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Here on Earth October 19: Good climate news to celebrate

The ozone hole is healing, dogs are learning to sniff out invasive species, and cities are becoming more bike-friendly.

Ozone layer hole, dogs sniff out invasive species, and cities becoming more bike-friendly

Photo Credit: Getty Images

Progress in protecting our planet is being made everywhere, from city streets, to lakes across the world, and even in the stratosphere.

Companies, governments, and people here on Earth are constantly working toward — and succeeding in — creating a cooler future for us all.

Here are three huge wins to celebrate:


The hole in our ozone layer could disappear within the next 50 years

Hole in our ozone layer

Scientists have predicted that the ozone layer, which acts as Earth's sunscreen by protecting us from too much exposure to ultraviolet radiation, could be fully healed by the year 2070. Since 1987, when the Montreal Protocol was signed by dozens of countries to ban the use of dangerous chlorofluorocarbons (CFCs) in manufacturing, industries were forced to find alternatives such as HCFCs in order to stop damaging our planet. Since then, over half of these ozone-killing substances have disappeared from the atmosphere. 


Dogs are being trained to detect dangerous invasive species

Dog sniffing horizontal

As invasive fish threaten lake and river ecosystems throughout the world, an unlikely hero has come to our rescue: man's best friend. Dogs obviously have good noses, but recent findings suggest that Fido's sense of smell may actually be better at detecting invasive fish than some lab-grade equipment. Since invasive fish, like carp, can decimate aquatic plants and outcompete other animals, stopping their invasions is incredibly important. These highly trained dogs can actually identify bodies of water that have invasive animals before there are too many of them, helping us overhaul how we fight pests.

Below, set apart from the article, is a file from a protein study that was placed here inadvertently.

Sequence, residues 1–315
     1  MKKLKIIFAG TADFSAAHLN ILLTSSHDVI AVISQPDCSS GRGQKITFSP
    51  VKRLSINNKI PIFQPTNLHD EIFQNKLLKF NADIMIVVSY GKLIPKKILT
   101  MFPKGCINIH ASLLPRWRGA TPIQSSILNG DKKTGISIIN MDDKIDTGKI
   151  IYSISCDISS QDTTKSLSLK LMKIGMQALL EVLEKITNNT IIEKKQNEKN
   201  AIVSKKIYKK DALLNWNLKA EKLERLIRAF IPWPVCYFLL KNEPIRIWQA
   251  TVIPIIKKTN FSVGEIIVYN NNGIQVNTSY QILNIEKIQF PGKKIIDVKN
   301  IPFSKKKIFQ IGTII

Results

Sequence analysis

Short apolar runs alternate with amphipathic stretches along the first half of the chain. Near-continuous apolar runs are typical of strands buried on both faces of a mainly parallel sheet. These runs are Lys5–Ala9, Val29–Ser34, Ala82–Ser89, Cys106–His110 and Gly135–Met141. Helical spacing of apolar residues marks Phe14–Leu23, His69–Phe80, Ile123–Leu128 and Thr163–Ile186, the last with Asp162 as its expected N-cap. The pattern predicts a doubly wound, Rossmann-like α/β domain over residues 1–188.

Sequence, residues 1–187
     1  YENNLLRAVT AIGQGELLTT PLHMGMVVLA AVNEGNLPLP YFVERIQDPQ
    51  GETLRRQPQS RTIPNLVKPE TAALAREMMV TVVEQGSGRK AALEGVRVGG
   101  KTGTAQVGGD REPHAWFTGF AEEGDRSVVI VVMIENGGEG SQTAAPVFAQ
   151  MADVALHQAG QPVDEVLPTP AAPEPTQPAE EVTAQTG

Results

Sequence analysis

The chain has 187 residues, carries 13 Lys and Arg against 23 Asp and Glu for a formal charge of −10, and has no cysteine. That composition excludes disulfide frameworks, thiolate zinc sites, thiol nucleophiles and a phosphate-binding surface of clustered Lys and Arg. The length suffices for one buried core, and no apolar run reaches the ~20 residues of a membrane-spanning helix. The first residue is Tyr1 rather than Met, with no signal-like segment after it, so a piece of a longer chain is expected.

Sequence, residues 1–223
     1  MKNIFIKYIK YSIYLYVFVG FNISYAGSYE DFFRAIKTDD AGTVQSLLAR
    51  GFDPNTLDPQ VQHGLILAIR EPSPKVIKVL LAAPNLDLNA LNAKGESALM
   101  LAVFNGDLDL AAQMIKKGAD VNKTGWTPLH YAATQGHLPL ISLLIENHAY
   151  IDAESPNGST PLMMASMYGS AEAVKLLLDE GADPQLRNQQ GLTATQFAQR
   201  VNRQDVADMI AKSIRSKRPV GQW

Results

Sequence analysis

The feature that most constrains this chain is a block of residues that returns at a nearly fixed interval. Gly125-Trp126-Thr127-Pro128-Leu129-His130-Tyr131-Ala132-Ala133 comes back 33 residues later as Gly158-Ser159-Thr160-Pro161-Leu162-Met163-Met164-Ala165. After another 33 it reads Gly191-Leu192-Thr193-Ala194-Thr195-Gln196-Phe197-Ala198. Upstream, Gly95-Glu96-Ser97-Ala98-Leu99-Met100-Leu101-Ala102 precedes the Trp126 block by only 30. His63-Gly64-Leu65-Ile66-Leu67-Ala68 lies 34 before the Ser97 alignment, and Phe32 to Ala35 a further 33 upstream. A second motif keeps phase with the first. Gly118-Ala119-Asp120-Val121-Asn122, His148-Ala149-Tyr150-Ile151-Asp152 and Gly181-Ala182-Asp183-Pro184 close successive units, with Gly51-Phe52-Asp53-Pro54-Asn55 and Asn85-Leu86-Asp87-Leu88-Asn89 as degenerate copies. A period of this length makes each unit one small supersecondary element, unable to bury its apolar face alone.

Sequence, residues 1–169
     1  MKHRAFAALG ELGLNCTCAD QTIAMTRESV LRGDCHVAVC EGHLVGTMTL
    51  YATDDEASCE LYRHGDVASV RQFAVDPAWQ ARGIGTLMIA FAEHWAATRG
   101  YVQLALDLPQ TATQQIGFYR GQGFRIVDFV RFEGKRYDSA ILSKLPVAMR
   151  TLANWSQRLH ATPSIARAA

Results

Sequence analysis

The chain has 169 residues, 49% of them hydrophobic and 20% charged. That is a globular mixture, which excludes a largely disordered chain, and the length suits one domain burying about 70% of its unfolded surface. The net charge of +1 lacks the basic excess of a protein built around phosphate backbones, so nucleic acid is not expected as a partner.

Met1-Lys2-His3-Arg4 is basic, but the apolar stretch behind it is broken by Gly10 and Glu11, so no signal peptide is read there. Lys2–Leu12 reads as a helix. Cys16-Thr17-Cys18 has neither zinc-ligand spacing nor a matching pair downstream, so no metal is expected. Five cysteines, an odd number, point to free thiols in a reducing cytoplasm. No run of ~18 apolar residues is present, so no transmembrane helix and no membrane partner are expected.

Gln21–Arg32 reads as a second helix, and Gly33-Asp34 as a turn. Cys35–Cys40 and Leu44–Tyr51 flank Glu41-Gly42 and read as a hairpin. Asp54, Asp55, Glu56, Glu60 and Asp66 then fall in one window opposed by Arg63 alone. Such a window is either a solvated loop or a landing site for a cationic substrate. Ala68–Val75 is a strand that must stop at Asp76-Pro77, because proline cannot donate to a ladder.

Ten cities across the globe will receive up to $1 million to become more bike-friendly

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Although using bicycles as a mode of transportation can decrease air pollution, some cities just aren't built to be bike-friendly. The Bloomberg Initiative for Cycling Infrastructure has announced that it will be helping 10 cities of 100,000 people or more improve their bike infrastructure through grant funding. Winners of the grant will be chosen based on the ambition and impact of their plans to transform city streets to include safe and sustainable transportation options. These winners, which will be chosen in the spring of 2023, may receive up to $1 million to add bike lanes, which will help stop pollution, traffic, and car crashes.

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